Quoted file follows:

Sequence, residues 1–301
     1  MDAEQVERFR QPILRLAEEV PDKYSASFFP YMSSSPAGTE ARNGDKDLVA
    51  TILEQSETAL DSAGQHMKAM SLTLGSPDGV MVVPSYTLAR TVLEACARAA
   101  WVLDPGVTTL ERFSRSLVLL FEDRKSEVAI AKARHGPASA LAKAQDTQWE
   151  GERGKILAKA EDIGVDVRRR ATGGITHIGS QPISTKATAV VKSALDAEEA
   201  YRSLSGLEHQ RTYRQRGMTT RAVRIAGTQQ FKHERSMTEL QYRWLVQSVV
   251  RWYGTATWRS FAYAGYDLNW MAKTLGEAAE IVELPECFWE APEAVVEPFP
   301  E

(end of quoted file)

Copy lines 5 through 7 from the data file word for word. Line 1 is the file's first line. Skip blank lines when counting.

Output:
   151  GERGKILAKA EDIGVDVRRR ATGGITHIGS QPISTKATAV VKSALDAEEA
   201  YRSLSGLEHQ RTYRQRGMTT RAVRIAGTQQ FKHERSMTEL QYRWLVQSVV
   251  RWYGTATWRS FAYAGYDLNW MAKTLGEAAE IVELPECFWE APEAVVEPFP